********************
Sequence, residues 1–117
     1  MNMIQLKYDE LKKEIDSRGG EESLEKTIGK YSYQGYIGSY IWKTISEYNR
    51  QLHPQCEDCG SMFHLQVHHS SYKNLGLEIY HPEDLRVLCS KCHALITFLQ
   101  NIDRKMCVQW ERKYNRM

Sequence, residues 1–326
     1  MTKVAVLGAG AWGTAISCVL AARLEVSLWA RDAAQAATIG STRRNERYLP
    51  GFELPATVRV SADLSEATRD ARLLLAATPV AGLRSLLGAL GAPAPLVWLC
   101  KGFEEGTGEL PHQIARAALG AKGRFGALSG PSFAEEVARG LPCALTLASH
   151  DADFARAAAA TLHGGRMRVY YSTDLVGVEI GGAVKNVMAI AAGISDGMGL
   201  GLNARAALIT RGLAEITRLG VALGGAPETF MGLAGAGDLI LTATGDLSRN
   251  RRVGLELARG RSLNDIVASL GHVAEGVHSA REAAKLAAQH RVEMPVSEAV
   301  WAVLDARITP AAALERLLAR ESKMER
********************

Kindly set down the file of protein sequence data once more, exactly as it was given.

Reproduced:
Sequence, residues 1–117
     1  MNMIQLKYDE LKKEIDSRGG EESLEKTIGK YSYQGYIGSY IWKTISEYNR
    51  QLHPQCEDCG SMFHLQVHHS SYKNLGLEIY HPEDLRVLCS KCHALITFLQ
   101  NIDRKMCVQW ERKYNRM

Sequence, residues 1–326
     1  MTKVAVLGAG AWGTAISCVL AARLEVSLWA RDAAQAATIG STRRNERYLP
    51  GFELPATVRV SADLSEATRD ARLLLAATPV AGLRSLLGAL GAPAPLVWLC
   101  KGFEEGTGEL PHQIARAALG AKGRFGALSG PSFAEEVARG LPCALTLASH
   151  DADFARAAAA TLHGGRMRVY YSTDLVGVEI GGAVKNVMAI AAGISDGMGL
   201  GLNARAALIT RGLAEITRLG VALGGAPETF MGLAGAGDLI LTATGDLSRN
   251  RRVGLELARG RSLNDIVASL GHVAEGVHSA REAAKLAAQH RVEMPVSEAV
   301  WAVLDARITP AAALERLLAR ESKMER